Saturday, June 5, 2010

Township Tour 2010

I decided against my better judgment to take a shortcut home through the Mbekweni township. I was fed up with the traffic and thought that I should let my colonialist stereotypes go, and face my fears, and just dive in there.
Somewhere during the drive I started regretting it.
Maybe it was between the house made entirely out of signs stolen from the Paarl Gholf Club and the man selling goat heads. Maybe it was when a live electrical wire tired to a stick with plastic bags that was being used to power a giant TV fell off into the yard of the man with he huge chicken coop/frontyard barbershop and butchery. I don't know.
But it felt like a very very long shortcut.

I was reminded though, of a true story. My friend's cousin worked for a furniture store that sells various household goodies -including TVs. He sold a TV to this guy in the township. Next day, guy brings the TV back. "It keeps flicking off and on, " he says. The test the TV in the store and works perfectly. They send him home with another TV.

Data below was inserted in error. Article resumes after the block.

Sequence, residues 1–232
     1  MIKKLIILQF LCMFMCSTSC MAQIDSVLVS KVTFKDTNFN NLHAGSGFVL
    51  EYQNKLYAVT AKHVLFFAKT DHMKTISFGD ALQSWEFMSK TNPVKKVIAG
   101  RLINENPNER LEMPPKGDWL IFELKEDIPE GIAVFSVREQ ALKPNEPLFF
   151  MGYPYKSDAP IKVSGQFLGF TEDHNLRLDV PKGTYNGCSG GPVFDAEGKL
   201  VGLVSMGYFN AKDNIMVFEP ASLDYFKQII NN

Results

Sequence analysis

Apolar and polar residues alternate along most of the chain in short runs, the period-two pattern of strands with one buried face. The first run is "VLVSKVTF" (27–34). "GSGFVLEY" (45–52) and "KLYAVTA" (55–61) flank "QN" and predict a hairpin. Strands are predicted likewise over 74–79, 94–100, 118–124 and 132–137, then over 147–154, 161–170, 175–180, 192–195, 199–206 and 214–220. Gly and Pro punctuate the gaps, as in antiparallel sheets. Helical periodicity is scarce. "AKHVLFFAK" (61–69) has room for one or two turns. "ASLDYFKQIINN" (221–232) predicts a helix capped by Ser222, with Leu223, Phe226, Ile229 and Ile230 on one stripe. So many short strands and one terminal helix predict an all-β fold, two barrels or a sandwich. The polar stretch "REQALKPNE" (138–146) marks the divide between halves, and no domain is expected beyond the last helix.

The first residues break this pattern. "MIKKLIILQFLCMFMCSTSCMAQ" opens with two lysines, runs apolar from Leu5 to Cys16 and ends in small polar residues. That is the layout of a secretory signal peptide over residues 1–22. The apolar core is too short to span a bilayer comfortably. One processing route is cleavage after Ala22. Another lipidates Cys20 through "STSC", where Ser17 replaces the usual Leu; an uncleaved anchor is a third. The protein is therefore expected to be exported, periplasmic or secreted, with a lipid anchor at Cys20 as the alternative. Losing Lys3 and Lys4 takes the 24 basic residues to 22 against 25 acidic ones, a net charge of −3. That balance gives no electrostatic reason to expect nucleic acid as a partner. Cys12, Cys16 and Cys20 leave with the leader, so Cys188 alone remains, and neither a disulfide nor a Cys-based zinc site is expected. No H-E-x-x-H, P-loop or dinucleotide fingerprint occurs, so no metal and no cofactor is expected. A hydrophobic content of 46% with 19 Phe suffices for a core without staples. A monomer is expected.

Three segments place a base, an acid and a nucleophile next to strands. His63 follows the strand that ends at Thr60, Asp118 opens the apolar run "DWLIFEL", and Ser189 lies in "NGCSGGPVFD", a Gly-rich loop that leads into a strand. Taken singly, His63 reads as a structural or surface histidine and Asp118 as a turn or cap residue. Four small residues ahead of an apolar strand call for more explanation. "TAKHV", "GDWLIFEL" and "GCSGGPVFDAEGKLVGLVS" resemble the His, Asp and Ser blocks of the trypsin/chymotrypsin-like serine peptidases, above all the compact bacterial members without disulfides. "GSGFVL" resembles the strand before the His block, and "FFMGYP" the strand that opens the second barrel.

Guy comes back again. "It keeps flicking off and on."
Test it again. It works perfectly.
Finally they decide to send out a technician. Technician rocks up at the house. Yup, TV is flicking on and off.
"What your power source?"
Guy takes him out back. His whole house had been powered by a traffic light. Ever time the traffic light hits red, the power goes off. When it hits green, power goes on.

Most of all though...driving through the township, seeing the lines of wet laundry and people trying to feed their kids on stinking open fires, the lack of sanitation, the trash every where and thin dogs...I did feel grateful that I didn't have that life. People look at my 2-room house and my ancient car with the missing bumper, and they think that I don't have much. Those township people looked at me drive by in that busted-up 1995 Mazda and they thought that I was rich. Running water, car, house with a roof? That's richer than 60% of the world's population. And I was reminded that I really, truly, have nothing to complain about.

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